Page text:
Pain and suffering is separate from your medical bills in a personal injury case. You can demand two basic classes of damages from the negligent party in a personal injury case. The first is economic damages, which include but are not limited to medical bills, lost income, and other financial losses.
The second class of damages, commonly known as non-economic damages, includes pain and suffering losses. Thus, pain and suffering is a different expense than your medical bills.
The best way to understand your recoverable damages in an injury accident is to work with a personal injury lawyer who will identify your expenses and losses, value them, and pursue compensation to pay for them.
Why Are There Two Categories of Damages in Personal Injury Cases?
Damages in personal injury cases break down into two types because the economic costs of a personal injury case are not the only losses an accident victim suffers. Imagine being unable to play sports with your children or dance with your spouse because you sustained severe leg injuries after a drunk driver hit you. Your medical bills and lost income would not be the full extent of your losses.
Not only will you lose out on the joy these activities used to bring, but your quality of life (and that of your family) will also likely suffer. This lost quality of life would not be restored by compensating you for your medical bills and economic losses.
It’s only fair that you would receive some compensation for this type of misery. This principle is rooted in the concept of non-economic damages being separate from economic damages.
Is Pain and Suffering the Only Non-Economic Loss?
Non-economic damages are not limited to pain and suffering. Other non-economic damages you could demand in a personal injury case include:
- Diminished quality of life
- Loss of consortium if your spouse or partner passed away from an accident
- Mental anguish, such as if your accident caused you to suffer anxiety or depression
- Disfigurement or permanent disability, if you are paralyzed, scarred, or left with another permanent physical disability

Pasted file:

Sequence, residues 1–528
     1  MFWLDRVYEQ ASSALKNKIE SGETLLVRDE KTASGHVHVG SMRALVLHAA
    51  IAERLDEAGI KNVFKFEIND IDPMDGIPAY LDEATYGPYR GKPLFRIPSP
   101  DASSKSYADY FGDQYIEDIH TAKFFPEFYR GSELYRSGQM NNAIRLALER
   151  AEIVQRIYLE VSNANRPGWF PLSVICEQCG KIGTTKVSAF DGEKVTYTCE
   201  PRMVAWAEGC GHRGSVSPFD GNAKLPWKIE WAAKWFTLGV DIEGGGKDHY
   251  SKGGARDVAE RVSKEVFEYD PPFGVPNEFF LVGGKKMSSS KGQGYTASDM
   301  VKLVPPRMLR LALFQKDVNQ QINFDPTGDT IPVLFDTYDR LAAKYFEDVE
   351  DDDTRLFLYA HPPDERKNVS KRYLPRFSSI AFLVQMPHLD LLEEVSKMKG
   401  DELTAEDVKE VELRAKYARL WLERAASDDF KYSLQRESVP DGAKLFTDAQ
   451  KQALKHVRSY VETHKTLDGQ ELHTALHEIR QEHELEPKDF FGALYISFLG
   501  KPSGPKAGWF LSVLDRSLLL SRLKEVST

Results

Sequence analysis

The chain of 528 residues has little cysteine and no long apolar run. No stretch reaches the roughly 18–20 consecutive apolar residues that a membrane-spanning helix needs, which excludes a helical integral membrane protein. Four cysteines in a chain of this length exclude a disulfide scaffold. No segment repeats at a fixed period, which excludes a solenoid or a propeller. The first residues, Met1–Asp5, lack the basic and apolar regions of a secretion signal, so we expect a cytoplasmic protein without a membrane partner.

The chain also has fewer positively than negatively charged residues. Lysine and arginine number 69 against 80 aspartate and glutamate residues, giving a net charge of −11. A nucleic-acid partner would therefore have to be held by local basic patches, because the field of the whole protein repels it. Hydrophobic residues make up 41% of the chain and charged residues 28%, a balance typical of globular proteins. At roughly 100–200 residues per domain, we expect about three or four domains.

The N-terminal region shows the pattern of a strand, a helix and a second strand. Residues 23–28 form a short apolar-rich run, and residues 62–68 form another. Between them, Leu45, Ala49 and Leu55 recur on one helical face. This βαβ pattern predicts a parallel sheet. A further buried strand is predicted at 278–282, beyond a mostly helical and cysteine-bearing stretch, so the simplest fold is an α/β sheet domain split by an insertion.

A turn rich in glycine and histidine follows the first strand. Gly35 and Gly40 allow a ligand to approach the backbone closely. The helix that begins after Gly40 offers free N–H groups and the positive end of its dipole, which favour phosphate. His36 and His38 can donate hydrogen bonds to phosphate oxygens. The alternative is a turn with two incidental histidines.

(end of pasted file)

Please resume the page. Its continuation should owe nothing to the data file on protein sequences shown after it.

How Do You Calculate Non-Economic Damages?
Calculating non-economic damages is difficult because they are intangible. There is no set cost for them as there would be for a hospital stay or medical procedure. In most cases, pain and suffering and other non-economic damages are tabulated by taking the following factors into account and then estimating a dollar amount:
- How severe your injuries are
- The length of time you might suffer because of your injuries
- Your age at the time of the injury
- The extent to which your injuries limit or inhibit your daily life
- The level of mental anguish you suffer
- Any preexisting medical conditions that you had before the accident
One way to get an estimate on how much the pain and suffering in your case might be worth is to consult with a personal injury attorney. They not only have experience calculating pain and suffering, but they also have experience in filing insurance claims and negotiating settlements that include pain and suffering as part of their client’s compensation.
This experience could give them insight into your case’s potential value of pain and suffering. Having a skilled personal injury lawyer on your side could allow you to seek compensation for all of your losses, as they will ensure no cost is looked over when they assess your case.
Can You Claim Pain and Suffering Without Medical Bills?
In a personal injury compensation award, pain and suffering is a separate demand from your economic damages, but the two are linked. This is because economic damages, such as medical bills, serve as evidence of your physical injuries, and the extent of your pain and suffering is based heavily on the severity of those injuries.
If you don’t have medical bills or other economic damages from your accident, it may be challenging to recover compensation for pain and suffering. That’s not to say that there isn’t a degree of pain and suffering involved with a personal injury. However, if your pain and suffering wasn’t significant enough to require medical attention, making a case for receiving this type of compensation may be difficult.
Is There a Limit to Pain and Suffering Demands?
Florida law allows you to make pain and suffering demands commensurate with the extent of those injuries. Because of that, the state generally doesn’t cap the amount of compensation you can receive for pain and suffering in personal injury cases. However, there’s one exception: medical malpractice. If your personal injury case arises from medical malpractice, Florida law caps your pain and suffering at $500,000.
It’s important to understand, however, that even in this situation, not every malpractice case will result in a $500,000 award for pain and suffering. Calculations for your pain and suffering award will involve the same factors used in non-medical malpractice personal injury cases. The payout will depend on the injuries and pain and suffering you endured.
Talk to Ged Lawyers About Pain and Suffering Compensation in Your Case
If you experienced an injury caused by someone else’s negligence and you are considering making a demand for pain and suffering, it can help to have guidance from an experienced lawyer. While your family and friends may mean well when advising you, a personal injury lawyer who handles cases like yours every day can offer advice based on experience with cases like yours.
GED Lawyers is a law firm with personal injury lawyers who want to help you. Reach out to us today for a free consultation and get the information you need to make the best decision for you. Our attorneys can review your situation and explain how pain and suffering damages are different from your medical bills and other tangible losses.